Muffin/Quick Bread Archive

Wednesday, December 28, 2011

cinnamon brown butter breakfast puffs

left to cool and set

I took a Home Economics class in the 7th grade. I probably don’t need to tell you how stoked I was about this (especially after nearly flunking Wood Shop the semester before with the saddest “toolbox” ever) although I am fairly certain they failed at whatever household management skills they’d hoped to impress on my 12-year-old self. I’m currently staring down a particularly fetid sinkful of dishes, willing them to wash themselves, while deep creases form in a towering basket of clean laundry that has yet to be folded, though perhaps there’s a glimmer of hope for the next generation. Nevertheless, the one class I remember perfectly was the one in which we made a puffy muffin embodiment of butter-slathered, sugar broiled cinnamon toast. It could be whipped up in no time, presumably along with a stack of bacon while wearing a gown-like robe and fuzzy slippers to the delight of sleepy-eyed children tumbling down the stairs. (Sorry, my housewife archetype is firmly etched in the Brady Bunch era.)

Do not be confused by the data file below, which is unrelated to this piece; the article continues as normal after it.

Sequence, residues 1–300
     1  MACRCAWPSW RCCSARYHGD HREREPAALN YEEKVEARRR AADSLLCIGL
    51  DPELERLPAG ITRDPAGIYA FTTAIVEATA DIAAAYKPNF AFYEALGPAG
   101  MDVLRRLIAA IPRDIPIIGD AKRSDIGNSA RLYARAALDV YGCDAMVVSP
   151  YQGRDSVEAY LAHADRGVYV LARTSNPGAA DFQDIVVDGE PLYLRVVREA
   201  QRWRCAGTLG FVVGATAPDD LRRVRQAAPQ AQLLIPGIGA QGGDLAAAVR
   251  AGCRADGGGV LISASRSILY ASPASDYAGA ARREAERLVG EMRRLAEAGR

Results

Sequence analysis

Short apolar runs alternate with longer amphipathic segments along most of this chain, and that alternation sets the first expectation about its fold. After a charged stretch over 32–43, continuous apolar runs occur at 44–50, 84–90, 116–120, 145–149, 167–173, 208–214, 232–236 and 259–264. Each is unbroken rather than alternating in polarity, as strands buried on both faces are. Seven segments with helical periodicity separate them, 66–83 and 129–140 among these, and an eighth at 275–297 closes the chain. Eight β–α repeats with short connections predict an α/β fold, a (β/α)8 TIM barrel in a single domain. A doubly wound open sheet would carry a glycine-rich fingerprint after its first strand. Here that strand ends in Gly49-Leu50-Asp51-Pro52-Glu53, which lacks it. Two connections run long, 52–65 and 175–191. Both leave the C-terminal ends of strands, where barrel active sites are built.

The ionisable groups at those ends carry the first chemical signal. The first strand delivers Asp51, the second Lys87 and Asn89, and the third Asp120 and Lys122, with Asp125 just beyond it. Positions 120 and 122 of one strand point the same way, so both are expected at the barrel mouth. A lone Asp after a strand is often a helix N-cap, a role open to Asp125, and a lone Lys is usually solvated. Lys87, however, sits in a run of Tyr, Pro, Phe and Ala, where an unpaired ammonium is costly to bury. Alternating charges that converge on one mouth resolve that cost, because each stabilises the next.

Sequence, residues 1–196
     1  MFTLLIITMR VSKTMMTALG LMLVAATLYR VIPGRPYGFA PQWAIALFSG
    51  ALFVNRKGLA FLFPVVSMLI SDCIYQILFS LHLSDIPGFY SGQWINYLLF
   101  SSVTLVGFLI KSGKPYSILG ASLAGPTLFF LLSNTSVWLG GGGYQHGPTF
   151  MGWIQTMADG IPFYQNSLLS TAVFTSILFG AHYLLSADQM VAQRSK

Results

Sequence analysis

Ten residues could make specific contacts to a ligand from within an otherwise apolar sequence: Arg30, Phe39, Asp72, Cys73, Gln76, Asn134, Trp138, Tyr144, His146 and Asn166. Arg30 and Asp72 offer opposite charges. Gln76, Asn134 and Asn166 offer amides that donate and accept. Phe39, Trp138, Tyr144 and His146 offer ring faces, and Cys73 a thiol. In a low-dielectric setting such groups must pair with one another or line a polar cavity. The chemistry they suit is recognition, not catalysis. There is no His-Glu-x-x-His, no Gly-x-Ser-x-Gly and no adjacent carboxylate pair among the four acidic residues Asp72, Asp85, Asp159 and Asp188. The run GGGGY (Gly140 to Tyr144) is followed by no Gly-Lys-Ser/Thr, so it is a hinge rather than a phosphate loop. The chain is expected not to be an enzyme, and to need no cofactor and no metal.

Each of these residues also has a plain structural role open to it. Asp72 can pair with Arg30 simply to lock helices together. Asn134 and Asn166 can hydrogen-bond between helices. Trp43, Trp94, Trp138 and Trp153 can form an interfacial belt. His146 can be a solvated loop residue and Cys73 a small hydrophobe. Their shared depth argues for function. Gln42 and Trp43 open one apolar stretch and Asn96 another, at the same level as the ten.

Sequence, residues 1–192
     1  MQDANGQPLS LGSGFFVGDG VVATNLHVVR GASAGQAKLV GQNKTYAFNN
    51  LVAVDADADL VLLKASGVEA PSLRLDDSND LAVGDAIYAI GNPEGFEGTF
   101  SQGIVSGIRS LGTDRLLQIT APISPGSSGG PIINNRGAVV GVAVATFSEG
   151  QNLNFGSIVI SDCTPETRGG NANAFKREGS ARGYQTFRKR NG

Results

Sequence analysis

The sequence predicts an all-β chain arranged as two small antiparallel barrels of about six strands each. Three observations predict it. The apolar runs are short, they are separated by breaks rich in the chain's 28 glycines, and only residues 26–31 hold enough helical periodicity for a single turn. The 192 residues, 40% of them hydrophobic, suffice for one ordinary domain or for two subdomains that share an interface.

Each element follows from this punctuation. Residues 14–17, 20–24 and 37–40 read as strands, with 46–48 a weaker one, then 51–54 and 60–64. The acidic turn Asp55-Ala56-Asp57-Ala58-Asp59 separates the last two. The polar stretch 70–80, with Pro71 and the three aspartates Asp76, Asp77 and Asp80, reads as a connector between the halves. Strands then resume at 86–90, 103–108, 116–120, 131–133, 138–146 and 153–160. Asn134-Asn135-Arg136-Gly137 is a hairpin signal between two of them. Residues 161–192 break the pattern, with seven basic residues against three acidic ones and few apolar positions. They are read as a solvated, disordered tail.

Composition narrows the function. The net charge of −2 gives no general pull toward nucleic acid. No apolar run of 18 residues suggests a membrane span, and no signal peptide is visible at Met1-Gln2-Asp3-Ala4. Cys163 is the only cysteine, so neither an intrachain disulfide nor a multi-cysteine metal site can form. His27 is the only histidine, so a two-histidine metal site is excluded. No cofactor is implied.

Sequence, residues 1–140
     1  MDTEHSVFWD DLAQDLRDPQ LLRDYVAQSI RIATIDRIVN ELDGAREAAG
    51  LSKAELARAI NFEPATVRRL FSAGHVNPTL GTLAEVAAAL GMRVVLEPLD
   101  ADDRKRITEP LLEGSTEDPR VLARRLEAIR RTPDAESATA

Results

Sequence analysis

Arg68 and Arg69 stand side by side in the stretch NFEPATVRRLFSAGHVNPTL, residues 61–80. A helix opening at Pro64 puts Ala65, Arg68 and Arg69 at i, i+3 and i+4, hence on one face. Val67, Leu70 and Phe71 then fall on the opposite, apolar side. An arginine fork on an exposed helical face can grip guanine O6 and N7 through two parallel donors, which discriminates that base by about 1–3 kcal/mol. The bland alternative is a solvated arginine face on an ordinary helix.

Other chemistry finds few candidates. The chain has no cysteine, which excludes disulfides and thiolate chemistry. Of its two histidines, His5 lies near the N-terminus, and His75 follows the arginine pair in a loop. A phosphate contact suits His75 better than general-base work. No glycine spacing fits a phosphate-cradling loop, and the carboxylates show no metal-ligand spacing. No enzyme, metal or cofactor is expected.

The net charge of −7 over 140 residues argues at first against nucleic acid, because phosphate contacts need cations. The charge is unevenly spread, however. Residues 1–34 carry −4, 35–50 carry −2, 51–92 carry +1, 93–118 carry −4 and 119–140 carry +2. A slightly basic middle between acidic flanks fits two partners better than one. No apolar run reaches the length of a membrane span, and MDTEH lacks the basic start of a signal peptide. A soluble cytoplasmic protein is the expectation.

freshly grated nutmeg
batter

These pastries are, amusingly, called French Breakfast Puffs, I presume they are “French” in the way that French Toast and French Fries are, or that I convince myself I am every time I order Lillet, which is to say, dubiously. Their origin, however — the Betty Crocker Test Kitchens– isn’t half as interesting as their flavor, which is a little bit snickerdoodle, a little bit butter cake and a lot of addictiveness. My first thought upon eating one in class that day was “It’s like a doughnut hole!” and my second was “Why hasn’t my mother ever made these for me? I thought she said she loved us!” and then I pouted for the remainder of the hour. What? I said I was 12.

filling the tins -- you fill it less, okay?

Continued after the jump »

Saturday, July 30, 2011

corn, buttermilk and chive popovers